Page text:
E0  E1 y2i  E2 xi  ui


where y1i is the household’s corruption experience; y2i is the endogenous variable which is the household’s expenditure; xi are the household and community level characteristics of the household which may influence corruption experiences; and ui is the error term. 481

Table 1. Testing endogeneity for the expenditure variable Smith-Blundell test of exogeneity

Wald test of exogeneity




Negligence of duty












Durbin-WuHausman test

Models for corruption and its different forms

Models for determinants of the amount of bribes Tobit model Cragg’s model


p-values of different tests are reported

Endogeneity of y2i means that it is correlated with the error term ui, and hence the coefficients are not consistent. According to the IV method, some additional information in the form of new variables is to be incorporated in the structural equation. The new variables are called instruments. Based on the insights from the field survey, land holding (ha/person) and off-farm income (BDT/person)3 are selected as the instruments for the expenditure variable. Log of land holding (ha/person) is also used in the regression. These three selected instruments and other exogenous variables are regressed on the endogenous regressors, which is the household’s expenditure. This regression can be explained as follows: y2i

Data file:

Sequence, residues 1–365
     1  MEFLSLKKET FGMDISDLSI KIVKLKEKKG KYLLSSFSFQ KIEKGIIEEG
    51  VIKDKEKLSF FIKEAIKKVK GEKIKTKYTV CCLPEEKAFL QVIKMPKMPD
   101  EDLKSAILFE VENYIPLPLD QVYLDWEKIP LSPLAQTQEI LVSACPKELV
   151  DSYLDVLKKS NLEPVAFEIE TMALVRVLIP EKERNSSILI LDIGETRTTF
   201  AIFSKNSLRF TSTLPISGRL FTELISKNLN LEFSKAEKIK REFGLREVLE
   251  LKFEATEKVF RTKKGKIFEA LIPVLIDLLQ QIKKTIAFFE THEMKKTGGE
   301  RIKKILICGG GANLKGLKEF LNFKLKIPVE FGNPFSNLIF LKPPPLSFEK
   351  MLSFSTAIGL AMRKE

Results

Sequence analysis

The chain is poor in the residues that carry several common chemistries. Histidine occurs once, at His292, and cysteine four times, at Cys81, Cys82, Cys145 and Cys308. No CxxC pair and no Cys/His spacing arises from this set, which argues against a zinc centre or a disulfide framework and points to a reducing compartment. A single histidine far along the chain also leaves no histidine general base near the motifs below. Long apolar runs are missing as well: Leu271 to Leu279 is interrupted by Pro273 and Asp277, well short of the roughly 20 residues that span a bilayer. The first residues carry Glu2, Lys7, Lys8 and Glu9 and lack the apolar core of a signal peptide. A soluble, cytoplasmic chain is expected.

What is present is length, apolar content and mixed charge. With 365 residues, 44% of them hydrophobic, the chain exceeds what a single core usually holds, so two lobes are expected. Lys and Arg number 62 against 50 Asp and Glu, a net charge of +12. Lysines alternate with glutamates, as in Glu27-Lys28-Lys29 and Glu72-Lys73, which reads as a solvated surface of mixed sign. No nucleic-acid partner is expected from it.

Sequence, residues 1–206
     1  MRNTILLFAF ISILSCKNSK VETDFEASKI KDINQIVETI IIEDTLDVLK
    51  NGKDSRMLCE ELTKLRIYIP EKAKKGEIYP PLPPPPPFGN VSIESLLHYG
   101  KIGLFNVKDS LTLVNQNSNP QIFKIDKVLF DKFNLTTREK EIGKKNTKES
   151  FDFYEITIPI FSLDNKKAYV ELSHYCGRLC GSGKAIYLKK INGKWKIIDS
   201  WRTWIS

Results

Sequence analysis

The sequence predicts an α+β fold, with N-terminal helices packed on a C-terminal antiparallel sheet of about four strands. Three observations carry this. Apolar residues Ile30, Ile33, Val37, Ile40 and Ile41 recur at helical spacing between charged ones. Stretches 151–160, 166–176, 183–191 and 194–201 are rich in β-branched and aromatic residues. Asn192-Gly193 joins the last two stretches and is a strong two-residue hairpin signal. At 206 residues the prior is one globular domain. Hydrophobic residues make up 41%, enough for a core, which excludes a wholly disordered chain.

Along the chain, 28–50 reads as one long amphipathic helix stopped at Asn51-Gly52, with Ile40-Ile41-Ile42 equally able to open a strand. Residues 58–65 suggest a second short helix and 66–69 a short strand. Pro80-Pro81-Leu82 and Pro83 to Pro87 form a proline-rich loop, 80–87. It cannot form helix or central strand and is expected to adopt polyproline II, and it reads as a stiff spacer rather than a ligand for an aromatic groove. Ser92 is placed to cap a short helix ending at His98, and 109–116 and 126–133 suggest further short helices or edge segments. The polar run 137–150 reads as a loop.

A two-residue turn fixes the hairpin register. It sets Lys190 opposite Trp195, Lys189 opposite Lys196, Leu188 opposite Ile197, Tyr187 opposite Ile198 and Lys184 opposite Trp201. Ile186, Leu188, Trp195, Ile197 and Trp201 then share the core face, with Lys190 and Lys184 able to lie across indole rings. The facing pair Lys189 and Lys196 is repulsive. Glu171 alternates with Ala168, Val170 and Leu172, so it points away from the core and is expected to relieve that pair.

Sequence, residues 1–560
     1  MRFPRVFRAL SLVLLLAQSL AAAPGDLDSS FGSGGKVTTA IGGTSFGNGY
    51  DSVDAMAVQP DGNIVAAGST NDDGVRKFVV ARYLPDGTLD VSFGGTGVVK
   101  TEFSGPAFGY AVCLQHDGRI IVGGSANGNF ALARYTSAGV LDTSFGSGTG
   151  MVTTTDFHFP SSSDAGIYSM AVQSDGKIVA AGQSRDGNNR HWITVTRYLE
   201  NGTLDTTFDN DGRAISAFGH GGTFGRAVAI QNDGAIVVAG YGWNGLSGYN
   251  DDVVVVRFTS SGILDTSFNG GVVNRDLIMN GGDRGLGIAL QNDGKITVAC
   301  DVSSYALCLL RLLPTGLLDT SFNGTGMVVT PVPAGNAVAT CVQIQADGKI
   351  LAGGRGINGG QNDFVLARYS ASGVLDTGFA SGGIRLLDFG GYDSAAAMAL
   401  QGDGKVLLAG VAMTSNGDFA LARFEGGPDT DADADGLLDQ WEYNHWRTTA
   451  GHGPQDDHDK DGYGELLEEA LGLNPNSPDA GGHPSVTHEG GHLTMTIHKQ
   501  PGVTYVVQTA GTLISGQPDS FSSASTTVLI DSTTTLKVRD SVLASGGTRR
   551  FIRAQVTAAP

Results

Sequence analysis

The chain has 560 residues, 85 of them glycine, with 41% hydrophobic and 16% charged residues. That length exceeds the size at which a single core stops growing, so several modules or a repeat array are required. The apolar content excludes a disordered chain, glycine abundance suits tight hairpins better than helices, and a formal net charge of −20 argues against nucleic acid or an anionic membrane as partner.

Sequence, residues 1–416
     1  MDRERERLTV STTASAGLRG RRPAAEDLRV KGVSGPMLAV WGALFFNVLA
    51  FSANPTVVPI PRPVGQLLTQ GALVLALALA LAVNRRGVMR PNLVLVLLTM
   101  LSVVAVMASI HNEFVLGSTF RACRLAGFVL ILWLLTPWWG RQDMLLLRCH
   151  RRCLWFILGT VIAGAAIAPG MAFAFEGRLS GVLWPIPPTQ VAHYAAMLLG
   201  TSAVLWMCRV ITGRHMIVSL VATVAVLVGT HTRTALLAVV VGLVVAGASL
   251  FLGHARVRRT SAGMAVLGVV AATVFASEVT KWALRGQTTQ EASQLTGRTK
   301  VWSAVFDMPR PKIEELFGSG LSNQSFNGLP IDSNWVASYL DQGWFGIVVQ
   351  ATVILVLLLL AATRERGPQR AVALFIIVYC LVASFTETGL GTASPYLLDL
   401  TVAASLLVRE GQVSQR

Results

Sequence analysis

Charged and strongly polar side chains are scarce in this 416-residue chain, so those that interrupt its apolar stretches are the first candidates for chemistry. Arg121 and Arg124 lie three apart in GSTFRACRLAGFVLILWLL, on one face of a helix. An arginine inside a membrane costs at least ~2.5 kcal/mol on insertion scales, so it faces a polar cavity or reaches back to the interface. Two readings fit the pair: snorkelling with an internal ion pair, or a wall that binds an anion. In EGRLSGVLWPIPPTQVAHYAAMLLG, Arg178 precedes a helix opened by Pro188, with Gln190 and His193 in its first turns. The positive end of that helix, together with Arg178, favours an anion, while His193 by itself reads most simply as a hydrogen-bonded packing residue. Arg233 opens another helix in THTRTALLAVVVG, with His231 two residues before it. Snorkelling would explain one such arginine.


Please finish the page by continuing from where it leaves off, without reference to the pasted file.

D0  D1xi  D2 z1i  D3 z2i  D4 z3i  Hi


where y2i is the household’s corruption experience; zi are the instruments; xi are the household and community level characteristics of the household which may influence corruption experiences; and ui is the error term. In the final stage, instead of the observed value of the endogenous variable, the predicted value of expenditure (generated from the Equation 8) is included along with other independent variables in the regressions. The final stage of the regressions can be written as follows: y1i

E0  E1 yˆ2i  E2 xi  ui


where yˆ 2i is the predicted value of expenditure; x i is the same vector of explanatory variables used in the first stage of equation; and u i is the error term.

Testing endogeneity As there is no ready endogeneity test available for the Cragg’s model, the Durbin-Wu-Hausman test is conducted to test the endogeneity of the expenditure variable. The Smith-Blundell test of exogeneity is conducted to test the endogeneity of the expenditure variable in the probit and Tobit models (Smith and Blundell 1986). The null hypothesis for the test is that all explanatory variables are exogenous. The Wald test of exogeneity examines the correlation between the error terms in the structural equation and the reduced-form equation for the endogenous variable. The significance of these residuals’ coefficients is tested through this (Wooldridge 2002). Rejection of the null hypothesis means that the error terms in both stages are correlated, and therefore following the IV approach would be appropriate. According to these test results presented in Table 1, the expenditure variable is endogenous only in the regression for the negligence of duty. For this model, the IV method is followed.